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Pushing it back: depth and repoussoir 2
In the first article of this pair yesterday, I explained and showed how trees to one side of the foreground of a painting strengthen the cues for depth, a compositional technique known as repoussoir, pushing back. This had become quite widely used by the end of the eighteenth century,... Read more
Pushing it back: depth and repoussoir 1
Repoussoir is a term you’ll see bandied about in writing about art, particularly landscape painting. It’s French for pushing back, and refers to compositional techniques used to make the distant parts of an image look further away and deeper into the picture. In this article and its sequel tomorrow,... Read more
Gustave Courbet 5: Waves and caves
Best-known if not infamous for his erotic nudes during the 1860s, Gustave Courbet (1819–1877) in fact painted far more interesting works over the decade, although reading and explaining them may be more difficult. While our attention may be focussed on those popular displays of desirable flesh, Courbet’s certainly wasn’t.... Read more
Rolling Thunder: lightning in the landscape
For many people in the past, the most awe-inspiring and impressive events in their lives were thunderstorms. Even today, lightning strikes make hot favourite movies and still images in social media. Although paintings of thunderstorms and lightning strikes may be pale imitations of their vivid and earth-shaking reality, they... Read more
Gustave Courbet 2: The group
Before the young Gustave Courbet (1819–1877) had even completed The Stone Breakers, he had already started work on an even greater masterpiece, A Burial at Ornans, one of the canonical paintings of the century. Gustave Courbet (1819–1877), A Burial at Ornans (1849-50), oil on canvas, 315 x 668 cm,... Read more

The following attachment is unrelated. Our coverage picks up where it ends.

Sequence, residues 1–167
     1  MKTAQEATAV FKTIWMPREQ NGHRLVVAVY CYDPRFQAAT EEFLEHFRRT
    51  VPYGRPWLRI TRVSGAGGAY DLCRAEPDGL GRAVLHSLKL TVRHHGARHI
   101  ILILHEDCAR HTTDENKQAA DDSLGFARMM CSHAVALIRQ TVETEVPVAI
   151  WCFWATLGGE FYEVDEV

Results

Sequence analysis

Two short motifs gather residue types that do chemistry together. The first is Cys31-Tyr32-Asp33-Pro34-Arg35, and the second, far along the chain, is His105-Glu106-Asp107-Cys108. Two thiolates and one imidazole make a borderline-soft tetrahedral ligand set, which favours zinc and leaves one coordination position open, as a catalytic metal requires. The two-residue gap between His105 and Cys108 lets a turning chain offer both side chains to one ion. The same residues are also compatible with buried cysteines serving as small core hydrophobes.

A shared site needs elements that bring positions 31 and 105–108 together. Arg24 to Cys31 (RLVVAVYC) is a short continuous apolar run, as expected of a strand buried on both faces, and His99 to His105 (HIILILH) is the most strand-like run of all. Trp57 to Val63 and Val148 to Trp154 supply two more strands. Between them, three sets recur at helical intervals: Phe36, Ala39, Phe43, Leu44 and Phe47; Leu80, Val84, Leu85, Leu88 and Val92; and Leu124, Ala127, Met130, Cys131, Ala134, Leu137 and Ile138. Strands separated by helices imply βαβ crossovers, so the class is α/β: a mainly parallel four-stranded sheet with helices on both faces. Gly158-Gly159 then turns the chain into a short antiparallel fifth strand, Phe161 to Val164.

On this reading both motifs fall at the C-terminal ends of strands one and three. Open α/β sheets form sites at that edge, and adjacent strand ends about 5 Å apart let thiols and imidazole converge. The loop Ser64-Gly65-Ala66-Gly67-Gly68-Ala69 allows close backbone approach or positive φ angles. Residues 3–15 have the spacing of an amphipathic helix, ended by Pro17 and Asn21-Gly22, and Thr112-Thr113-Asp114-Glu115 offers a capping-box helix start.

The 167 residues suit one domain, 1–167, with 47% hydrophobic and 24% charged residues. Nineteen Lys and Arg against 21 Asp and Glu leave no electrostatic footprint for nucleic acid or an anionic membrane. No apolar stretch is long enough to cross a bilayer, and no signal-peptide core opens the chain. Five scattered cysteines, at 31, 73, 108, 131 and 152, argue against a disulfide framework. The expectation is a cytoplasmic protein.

Corydon: 2 Shepherds from staffage to social symbol
The first part of this account of shepherds and shepherdesses in paintings looked at their role in stories, from the earliest classical myths to epic English poetry. This second and concluding article looks at paintings of shepherds in landscapes, and in their own right as the motif. Nicolas Poussin,... Read more
More Than Portraits: 9, the revolutionary paintings of Diego Velázquez
Over the last couple of months, I have been exploring the life and paintings of Diego Velázquez beyond the many portraits for which he is usually most famous. In this concluding article to that series, I pick seven of his paintings which I think were revolutionary. 1, early bodegone... Read more
Glaciers: vanishing motifs
If you want to paint a glacier, now may already be too late. Around the world, they’re in retreat, thanks to our changing climate. This article first demonstrates that in paintings and more recent photographs of the Lower Grindelwald Glacier, after which I show some other notable paintings of... Read more
Glaciers and Views of Awe by Caspar Wolf
Well before the famous landscape paintings of Switzerland by Alexandre Calame (1810–1864), one of the pioneers of Alpine views was Caspar Wolf (1735–1783). Wolf was born in the town of Muri in central northern Switzerland. He trained in Konstanz, and during the 1750s worked as a decorative painter in... Read more
Landscape oil sketches from Valenciennes to Pissarro
Yesterday, I commemorated here the anniversary of the death of the landscape painter who made plein air oil sketching a part of standard practice, so paving the way for the transformations which occurred in the nineteenth century and after – Pierre-Henri de Valenciennes (1750–1819). This article looks at his... Read more